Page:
Chairman Todd MacFarlane presided over this year’s Annual General Meeting before a reasonable turnout of memebers, along with Franklin Park General Manager Karen Blanchard, and Auckland TC CEO Dominique Dowding, who began the meeting with a future business presentation for the ATC.
This covered Governance levels at the ATC, racing contribution and funding, and updating the constitution from 2018 to include 8 directors, 5 elected and 3 appointed. Performance & revenue for the Club were good, with targets met and exceeded. This was achieved through current assets, and the future of the retail village and apartments. The end result of this would be a future of self -sustaining revenue which gave a positive outlook for racing at the venue. Further to this, the club is committed to the site and growing revenue further, along with improving racing and stake levels.
Karen Blanchard added that there had been considerable work done on an ownership drive for new people into the industry which had received a good response.
In his Report, Todd thanked the ATC for their pro-active developments and communication with himself and Derek Balle at Committee level. The new Junior Drivers series had been well received which the Branch had sponsored with Harness Racing Waikato. He also thanked Kerry Wells for working to get these races off the ground, and the meeting agreed that they should be continued. The recent Awards Night had been successful once again. Finally, Todd thanked Rob Lawson, the Branch Committee, and Secretary for their support during the season.
Secretary Dave Neal reported a profit for the year, despite the Branch being active with sponsorship of the Junior Drivers series, cadets, and assistance to members.
Logan Hollis advised that he would be stepping down from the Vice-President position but would remain on the Committee. It was decided that a Junior representative would be sought to come onto the Committee.
Matters discussed by the meeting included imminent changes to rules for whip use, protocol for stable inspections following some concerns over some being unannounced and at busiest times, the recent vote and decision to hold Saturday or Tuesday trials but not both, and seminars put on by the Auckland TC. relating to areas that trainers and drivers should be knowledgeable in, for which the Branch was most appreciative.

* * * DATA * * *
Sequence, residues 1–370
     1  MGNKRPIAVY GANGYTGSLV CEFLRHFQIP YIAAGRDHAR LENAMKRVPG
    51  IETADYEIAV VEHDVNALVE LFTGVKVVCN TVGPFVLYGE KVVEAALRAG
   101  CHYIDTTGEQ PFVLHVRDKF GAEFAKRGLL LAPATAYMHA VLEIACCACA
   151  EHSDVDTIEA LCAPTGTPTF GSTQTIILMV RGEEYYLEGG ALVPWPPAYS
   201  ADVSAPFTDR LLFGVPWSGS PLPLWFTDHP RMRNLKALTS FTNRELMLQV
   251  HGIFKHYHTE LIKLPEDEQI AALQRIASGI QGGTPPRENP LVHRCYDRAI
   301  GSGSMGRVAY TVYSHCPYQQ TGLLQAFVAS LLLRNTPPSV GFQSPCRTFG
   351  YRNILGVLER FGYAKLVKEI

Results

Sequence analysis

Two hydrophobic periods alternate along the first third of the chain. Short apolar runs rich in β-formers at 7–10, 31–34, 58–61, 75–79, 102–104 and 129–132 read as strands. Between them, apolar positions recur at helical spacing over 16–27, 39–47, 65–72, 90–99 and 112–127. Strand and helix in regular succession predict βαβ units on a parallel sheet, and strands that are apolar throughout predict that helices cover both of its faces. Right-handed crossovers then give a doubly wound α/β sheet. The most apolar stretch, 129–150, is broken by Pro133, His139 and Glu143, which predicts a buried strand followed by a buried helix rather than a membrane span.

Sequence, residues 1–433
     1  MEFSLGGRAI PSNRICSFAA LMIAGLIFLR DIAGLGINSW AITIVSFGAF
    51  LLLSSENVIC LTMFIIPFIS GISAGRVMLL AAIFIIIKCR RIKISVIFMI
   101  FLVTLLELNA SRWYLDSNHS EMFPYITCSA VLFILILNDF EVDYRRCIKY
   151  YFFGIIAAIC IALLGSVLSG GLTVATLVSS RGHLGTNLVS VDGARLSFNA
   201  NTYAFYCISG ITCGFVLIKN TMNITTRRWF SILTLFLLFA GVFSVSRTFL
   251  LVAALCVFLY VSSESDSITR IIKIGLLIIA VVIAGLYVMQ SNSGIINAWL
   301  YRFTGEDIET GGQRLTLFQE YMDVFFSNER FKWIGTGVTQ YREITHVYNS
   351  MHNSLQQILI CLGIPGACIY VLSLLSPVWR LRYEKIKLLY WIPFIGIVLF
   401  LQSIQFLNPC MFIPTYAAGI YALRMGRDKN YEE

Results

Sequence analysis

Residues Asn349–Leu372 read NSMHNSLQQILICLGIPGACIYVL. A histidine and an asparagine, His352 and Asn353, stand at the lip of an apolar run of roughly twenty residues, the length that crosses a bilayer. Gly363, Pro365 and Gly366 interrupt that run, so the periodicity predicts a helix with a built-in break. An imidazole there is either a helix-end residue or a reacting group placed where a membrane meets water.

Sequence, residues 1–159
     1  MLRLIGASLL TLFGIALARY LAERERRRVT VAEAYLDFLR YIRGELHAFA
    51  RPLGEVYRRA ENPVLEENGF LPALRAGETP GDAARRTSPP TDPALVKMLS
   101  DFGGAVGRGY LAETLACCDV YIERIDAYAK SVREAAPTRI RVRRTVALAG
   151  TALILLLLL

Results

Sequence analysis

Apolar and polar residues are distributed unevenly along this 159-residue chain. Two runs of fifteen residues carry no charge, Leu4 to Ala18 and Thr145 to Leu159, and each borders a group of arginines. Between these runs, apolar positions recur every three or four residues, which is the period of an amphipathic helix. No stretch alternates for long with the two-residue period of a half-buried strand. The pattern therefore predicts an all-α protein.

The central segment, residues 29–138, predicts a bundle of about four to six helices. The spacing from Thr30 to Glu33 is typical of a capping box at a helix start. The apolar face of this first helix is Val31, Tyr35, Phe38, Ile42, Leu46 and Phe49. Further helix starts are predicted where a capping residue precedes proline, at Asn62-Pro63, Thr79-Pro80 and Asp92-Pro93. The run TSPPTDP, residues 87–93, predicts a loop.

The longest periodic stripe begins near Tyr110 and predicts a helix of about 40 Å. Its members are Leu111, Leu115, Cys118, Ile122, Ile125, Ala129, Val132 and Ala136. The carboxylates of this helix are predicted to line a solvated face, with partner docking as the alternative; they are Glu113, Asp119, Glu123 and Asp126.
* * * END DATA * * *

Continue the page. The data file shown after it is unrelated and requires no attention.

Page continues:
Peter Blanchard asked the meeting for opinions on the establishment of a driving master in the North to help juniors. Dave Neal advised that he had spoken to Natalie Gameson (HRNZ) about a mentor scheme, but this was in the early stages. He advised that the Branch had tried this in the past, but it was hard to maintain momentum. The meeting agreed that an actual master who was available on racenight for drivers would work better, and agreed to do further work in this area, and investigate the possibility of funding to establish this.
Rob Lawson advised that the RIU had asked for comment from HRNZ and the Kindred Bodies on the Penalty Guide Review, and he advised that he would monitor this closely, and ensure fairness for Association members. Peter Blanchard initiated discussion on the impact rising stakes will have on horse sales to Australia, advising that any over $15k will make a difference. The idea to canvas Australia to raise threshold was mooted. This would be discussed further by the National Council.
Michelle Wallis asked if distances could be varied for mobile trots. Recently these races had been 1700m, and many horses were compromised by the draw. The matter would be raised at the next programming meeting with a view to introducing some 2200m or 2700m events.
Dave Neal/Pete Cook
The Association recently received the following communication from the RIU’s Nick Ydgren:
“As you are aware the regulations in relation to the standing down of breaking horses has been altered to re-include trotters. This is just to advise your members that we are now looking at the manners of trotters more actively than recent times.
Trotters who continue to break in their races will likely be sent back to the trials (workouts in the North Island). In saying this I will be advising the Stewards to show some leniency in the application of this regulation. “
When a person applies for a license, they have to sign a form saying that they will ‘abide by the Rules of Harness Racing.” That is as it should be, and it is recommended that, should he or she wish, they should familiarise themselves with those Rules.